Archive for December, 2008

Magic of Christmas

Wednesday, December 24th, 2008

            The three sisters were busy looking for hidden presents.  It was Christmas Eve and they had not found a single package, wrapped in plain paper or bright tissue and bows.  They had searched the whole house, it seemed.

            “Do you think Mom and Dad have forgotten what time of year it is?” asked the youngest.

            “No, they never forget anything.  You know how our folks are,” the oldest, and leader of the trio said.

            “I know,” the thinker, and middle sister said, “lets look in the attic.”

            In haste the three climbed the dusty, dark stairs to the mysterious room beneath the roof.  The door creaked open.  An eastern window let in what light was left of Christmas Eve.  They spied a single light bulb with a dangling string hanging in the middle of the attic. 

            In a whisper middle sister said, “Turn the light on.”  The room was suddenly illuminated, casting strange shadows from stacked boxes, discarded toys, and baskets of last year’s clothes.   A quick search still found no hidden holiday presents.

            The three sat in the middle of the room in a dejected clump.  Disappointment filled their whispered voices, “I so wanted an I-phone. And I wanted new Nikes. And I need a new Blackberry.” They wailed. 

            Then a voice came from a rolled up carpet, leaning against the wall ”Muffump.”

            “What was that?” they screamed in unison. 

            “Un…roll…me,” the voice said.

            With trembling hands, the sisters undid the tied roll, reveling a tattered, and faded piece of carpet. 

            “You can talk?” they asked.

            “Yes,” the carpet said, “I am old and worn out, but I think I have one more trip left in me.  Climb aboard.”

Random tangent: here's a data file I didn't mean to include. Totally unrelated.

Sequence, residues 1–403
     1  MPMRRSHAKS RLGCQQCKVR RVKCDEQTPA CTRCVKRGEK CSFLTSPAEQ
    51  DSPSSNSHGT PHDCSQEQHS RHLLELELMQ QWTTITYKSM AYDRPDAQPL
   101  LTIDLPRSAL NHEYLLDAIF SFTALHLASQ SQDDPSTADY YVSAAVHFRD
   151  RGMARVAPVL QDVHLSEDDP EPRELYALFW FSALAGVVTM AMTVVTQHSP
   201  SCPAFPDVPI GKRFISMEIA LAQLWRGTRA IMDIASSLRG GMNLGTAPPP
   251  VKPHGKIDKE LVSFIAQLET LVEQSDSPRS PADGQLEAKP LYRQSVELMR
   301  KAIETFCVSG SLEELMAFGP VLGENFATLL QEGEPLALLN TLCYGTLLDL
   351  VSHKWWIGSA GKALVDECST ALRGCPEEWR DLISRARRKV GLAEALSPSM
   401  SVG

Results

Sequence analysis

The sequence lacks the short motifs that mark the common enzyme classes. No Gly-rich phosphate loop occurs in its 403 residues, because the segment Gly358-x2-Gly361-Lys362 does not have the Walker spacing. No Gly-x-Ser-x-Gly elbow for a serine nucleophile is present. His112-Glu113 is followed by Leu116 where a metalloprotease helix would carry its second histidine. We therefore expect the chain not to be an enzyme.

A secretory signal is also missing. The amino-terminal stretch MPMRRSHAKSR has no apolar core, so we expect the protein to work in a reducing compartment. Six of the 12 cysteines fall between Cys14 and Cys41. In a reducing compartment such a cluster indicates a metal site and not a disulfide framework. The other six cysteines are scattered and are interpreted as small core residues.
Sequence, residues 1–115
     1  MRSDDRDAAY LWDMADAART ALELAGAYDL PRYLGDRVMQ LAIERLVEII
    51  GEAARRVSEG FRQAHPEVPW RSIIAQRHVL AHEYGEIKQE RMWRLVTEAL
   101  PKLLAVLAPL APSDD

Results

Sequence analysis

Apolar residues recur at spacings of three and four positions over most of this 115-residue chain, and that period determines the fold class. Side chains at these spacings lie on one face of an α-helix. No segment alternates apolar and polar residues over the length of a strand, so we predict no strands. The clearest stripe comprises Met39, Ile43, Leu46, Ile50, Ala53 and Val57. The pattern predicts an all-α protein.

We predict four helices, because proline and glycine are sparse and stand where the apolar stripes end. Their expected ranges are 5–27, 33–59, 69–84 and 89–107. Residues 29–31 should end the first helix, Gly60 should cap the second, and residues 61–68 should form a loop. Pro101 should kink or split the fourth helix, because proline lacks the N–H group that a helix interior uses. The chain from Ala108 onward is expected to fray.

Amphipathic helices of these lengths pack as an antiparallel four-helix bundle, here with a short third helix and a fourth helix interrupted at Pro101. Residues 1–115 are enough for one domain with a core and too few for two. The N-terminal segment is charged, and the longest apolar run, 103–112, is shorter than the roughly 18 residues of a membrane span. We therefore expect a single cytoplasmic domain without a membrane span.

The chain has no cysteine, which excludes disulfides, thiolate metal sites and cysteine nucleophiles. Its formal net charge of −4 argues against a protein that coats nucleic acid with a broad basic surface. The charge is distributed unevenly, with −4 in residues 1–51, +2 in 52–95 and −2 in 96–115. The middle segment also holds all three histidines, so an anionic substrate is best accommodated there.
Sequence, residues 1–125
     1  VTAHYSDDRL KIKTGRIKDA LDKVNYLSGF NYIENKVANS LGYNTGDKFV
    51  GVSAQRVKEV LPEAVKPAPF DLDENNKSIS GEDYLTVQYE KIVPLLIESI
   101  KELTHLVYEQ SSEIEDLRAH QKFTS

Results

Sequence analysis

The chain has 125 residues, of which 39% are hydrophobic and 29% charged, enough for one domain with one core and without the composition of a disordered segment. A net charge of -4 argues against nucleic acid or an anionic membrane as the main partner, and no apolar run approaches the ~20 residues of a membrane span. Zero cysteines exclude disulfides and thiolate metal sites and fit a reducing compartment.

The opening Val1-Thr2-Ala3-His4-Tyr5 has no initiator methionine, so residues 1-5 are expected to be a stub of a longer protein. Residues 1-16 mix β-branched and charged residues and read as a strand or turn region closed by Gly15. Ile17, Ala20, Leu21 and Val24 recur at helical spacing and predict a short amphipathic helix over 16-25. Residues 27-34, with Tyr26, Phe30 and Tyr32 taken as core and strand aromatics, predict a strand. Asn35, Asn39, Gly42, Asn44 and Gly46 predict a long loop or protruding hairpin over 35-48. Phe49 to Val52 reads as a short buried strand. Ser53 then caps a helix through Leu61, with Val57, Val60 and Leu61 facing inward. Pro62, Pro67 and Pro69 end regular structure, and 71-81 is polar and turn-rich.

With that the three sat and clutched each other as the carpet fluttered, lifted off the floor and flew out the window.

            “Where are we going?” the girls demanded.  “And what are you anyway?”

            “We are going east, a long way, and back in time, a long way back.  And if you must know I am a carpet, a tired, but Magic Carpet.”

            Soon the carpet slowed, flew lower, made a wide circle around a small village whose streets were filled with people, and carts, and animals.  The carpet flew, slowly down winding streets, and alleyways, and then stopped at a barn like shelter.  Inside were donkeys, sheep, and a few cows.  From a corner of the barn a bright, shimmering, glow of light illuminated the shelter. In a manger lay a newborn child.  The parents huddled closely in the cold of the coming night.  The children watched in awe as a group of shepherds, in their tattered garments,  knelt at the borrowed bed. Then came three richly dressed men upon handsome steeds bearing gifts.  The glowing light brightened as singing voices lifted to fill the area with music.

            The Magic Carpet said, “We must go.  I feel week, and my strength is ebbing.”

            The sisters tarried, in wonder.  “Quick, we must go,” he insisted.


            Suddenly they found themselves sitting on a tattered, and worn piece of carpet in the middle of the attic.  Their voices were muted, and their eyes misted with tears of joy.  Filled with a newfound wisdom the girls filed silently down the stairs.

            “Girls,” their Mom said, “what have you been up to while I was gone?”

            In unison they said, “Mom, we have just seen the Magic of Christmas.”